National Condom Week

National Condom Week

Valentine's Day was the first day of National Condom Week in the U.S. You can find out more about condoms on this Planned Parenthood page and watch the below instructional video to learn the proper way to put one on.

Hormonal birth control methods can do a great job of preventing pregnancy but they do nothing to reduce the risk of acquiring a sexually transmitted infection.

One in four sexually active teens have an STI and up to 75% of sexually active men and women will have one at some point. Women's sexual anatomy makes them 10 to 20 times more likely than men to become infected with sexually transmitted infections. Yup, that's right, ten to twenty times! In pregnant women, young girls and female teens the cervix is even more vulnerable to infection.

The correct use of condoms (the majority of condom failure is the result of inconsistent or incorrect use, not breakage) offers the best protection for people who are sexually active.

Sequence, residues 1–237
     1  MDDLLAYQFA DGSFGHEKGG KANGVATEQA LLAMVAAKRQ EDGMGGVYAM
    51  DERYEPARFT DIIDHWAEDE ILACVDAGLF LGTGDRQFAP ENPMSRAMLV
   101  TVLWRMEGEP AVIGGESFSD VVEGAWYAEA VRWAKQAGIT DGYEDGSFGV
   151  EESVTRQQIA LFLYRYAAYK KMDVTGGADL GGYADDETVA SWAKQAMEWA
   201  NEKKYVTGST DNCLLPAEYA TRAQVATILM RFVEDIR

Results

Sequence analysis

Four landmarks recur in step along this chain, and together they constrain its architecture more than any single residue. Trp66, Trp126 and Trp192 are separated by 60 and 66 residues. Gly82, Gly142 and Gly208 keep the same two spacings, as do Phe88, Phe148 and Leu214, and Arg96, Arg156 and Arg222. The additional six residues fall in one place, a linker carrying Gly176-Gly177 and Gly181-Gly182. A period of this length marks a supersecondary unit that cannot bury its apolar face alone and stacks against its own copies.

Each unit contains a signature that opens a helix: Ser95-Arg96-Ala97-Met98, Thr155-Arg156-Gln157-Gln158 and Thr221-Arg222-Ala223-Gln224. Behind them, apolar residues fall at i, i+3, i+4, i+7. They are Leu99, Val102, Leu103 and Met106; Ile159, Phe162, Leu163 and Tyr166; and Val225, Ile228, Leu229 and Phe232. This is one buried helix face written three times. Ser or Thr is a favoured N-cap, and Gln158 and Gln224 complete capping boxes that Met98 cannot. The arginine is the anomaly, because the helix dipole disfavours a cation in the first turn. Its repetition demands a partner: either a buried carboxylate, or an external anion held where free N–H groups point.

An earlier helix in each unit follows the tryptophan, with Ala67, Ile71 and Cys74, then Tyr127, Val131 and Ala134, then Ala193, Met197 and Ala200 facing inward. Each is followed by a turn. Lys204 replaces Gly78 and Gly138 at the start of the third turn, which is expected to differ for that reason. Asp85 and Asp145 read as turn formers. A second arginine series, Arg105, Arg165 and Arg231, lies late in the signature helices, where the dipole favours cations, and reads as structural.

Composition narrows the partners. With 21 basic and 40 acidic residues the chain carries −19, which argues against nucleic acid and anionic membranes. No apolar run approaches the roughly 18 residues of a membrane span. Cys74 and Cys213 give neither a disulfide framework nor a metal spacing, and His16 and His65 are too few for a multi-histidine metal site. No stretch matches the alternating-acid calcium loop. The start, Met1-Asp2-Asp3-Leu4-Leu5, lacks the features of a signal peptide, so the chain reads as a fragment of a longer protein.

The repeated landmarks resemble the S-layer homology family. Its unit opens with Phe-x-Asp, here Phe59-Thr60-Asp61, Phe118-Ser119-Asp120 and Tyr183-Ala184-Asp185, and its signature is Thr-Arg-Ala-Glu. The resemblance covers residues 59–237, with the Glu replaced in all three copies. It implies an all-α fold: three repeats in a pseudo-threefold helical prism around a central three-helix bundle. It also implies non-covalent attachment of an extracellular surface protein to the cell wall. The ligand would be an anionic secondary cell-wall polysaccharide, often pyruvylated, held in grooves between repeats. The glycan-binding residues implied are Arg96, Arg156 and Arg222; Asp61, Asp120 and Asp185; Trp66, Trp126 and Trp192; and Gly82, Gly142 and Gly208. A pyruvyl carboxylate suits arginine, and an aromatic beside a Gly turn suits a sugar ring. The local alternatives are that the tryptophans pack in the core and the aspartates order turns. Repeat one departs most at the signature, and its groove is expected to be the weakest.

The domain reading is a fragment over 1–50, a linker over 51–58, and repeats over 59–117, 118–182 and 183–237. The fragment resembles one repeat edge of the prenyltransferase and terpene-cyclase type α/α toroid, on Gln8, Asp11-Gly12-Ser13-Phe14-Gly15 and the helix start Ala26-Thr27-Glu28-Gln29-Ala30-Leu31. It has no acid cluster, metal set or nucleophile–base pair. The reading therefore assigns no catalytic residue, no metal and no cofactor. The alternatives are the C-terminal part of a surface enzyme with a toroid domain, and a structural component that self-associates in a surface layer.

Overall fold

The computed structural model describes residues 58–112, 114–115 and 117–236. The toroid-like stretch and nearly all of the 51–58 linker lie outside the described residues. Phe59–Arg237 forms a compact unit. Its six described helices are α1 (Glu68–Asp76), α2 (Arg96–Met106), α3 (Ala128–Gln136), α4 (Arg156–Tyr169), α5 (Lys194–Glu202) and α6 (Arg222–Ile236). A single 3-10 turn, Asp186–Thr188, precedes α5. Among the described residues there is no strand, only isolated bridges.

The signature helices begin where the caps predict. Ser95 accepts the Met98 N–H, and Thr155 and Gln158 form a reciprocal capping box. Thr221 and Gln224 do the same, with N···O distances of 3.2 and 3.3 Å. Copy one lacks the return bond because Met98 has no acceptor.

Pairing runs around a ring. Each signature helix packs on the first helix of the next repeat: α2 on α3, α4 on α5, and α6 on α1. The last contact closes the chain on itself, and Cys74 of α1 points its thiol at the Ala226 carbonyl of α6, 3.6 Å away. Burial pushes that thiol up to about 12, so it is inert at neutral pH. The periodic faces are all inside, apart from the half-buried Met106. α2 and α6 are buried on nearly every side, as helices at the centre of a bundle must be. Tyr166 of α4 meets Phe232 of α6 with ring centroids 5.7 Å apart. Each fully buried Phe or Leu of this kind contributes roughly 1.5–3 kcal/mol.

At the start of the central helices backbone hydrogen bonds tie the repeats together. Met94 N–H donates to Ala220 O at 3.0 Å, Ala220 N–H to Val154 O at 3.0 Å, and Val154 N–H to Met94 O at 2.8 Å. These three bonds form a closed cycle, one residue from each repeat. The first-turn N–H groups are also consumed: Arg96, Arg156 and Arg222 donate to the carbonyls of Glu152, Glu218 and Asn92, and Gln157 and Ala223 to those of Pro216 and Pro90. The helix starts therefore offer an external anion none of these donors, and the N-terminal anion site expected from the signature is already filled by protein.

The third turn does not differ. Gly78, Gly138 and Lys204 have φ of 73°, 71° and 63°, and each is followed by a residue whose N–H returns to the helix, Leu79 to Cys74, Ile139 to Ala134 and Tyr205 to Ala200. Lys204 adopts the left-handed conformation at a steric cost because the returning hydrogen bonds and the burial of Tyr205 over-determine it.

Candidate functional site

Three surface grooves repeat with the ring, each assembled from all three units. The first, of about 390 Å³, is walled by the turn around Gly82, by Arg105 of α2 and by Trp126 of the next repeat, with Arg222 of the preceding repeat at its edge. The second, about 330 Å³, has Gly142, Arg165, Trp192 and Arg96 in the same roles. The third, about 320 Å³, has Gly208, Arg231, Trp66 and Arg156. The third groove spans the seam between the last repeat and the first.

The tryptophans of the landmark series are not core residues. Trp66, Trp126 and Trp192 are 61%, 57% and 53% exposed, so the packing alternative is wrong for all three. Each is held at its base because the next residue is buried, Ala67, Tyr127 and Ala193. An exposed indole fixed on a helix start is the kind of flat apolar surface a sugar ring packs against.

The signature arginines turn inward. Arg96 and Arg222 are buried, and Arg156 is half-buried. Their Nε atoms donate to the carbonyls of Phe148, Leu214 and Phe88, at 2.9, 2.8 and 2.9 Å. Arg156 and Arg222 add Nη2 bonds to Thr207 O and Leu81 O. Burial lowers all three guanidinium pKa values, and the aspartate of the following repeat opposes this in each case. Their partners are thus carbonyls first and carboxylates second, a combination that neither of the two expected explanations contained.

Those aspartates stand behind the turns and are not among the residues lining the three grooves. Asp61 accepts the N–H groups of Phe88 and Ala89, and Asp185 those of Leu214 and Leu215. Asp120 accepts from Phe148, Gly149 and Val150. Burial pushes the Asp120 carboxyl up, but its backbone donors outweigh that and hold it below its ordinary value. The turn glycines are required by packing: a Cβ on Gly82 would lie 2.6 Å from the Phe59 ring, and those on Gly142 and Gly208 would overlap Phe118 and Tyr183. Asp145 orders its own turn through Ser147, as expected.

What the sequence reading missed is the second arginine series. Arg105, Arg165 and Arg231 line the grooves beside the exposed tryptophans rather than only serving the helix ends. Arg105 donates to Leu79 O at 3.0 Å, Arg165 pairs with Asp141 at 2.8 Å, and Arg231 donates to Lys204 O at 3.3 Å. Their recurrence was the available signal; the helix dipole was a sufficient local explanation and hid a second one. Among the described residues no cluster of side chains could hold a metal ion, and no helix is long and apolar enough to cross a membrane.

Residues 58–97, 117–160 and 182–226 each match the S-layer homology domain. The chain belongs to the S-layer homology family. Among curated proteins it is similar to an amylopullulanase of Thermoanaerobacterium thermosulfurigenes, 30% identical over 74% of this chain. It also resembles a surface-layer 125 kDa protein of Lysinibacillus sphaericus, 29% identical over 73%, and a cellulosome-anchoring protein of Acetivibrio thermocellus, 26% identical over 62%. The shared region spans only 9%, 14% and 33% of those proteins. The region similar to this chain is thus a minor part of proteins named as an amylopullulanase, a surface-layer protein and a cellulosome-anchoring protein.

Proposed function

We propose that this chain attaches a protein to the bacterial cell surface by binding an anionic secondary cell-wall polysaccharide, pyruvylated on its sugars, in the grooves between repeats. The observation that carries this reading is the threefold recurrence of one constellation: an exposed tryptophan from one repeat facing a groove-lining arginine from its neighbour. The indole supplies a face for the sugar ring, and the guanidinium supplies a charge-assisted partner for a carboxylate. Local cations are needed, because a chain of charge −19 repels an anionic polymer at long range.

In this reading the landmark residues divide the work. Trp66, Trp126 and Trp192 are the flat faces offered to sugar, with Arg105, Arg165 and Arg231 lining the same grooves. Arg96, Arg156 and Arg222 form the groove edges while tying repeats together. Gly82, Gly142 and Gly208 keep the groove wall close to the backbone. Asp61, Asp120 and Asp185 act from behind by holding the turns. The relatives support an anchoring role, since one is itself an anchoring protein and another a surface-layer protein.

A 1993 study showed that using condoms every time prevented HIV transmission for 169 out of 171 women who had male partners with HIV. Meanwhile 8 out of 10 women whose partners didn't use condoms every time became infected. Latex condoms also help reduce the risk of picking up a slew of other sexually transmitted infections including gonorrhea, syphilis, chlamydia, chancroid, trichomoniasis, HPV, herpes, and pelvic inflammatory disease. Other advantages of condoms are their price and availability.

Scarleteen's Condom's Basics: A User's manual is a helpful article whether you're just beginning to consider becoming sexually active or looking for a refresher and/or tips to improve your condom usage.

Let's face it, there are no good excuses to be unsafe. As Planned Parenthood point out, it's not a matter of trust. “People carry sexually transmitted infections without knowing it.”
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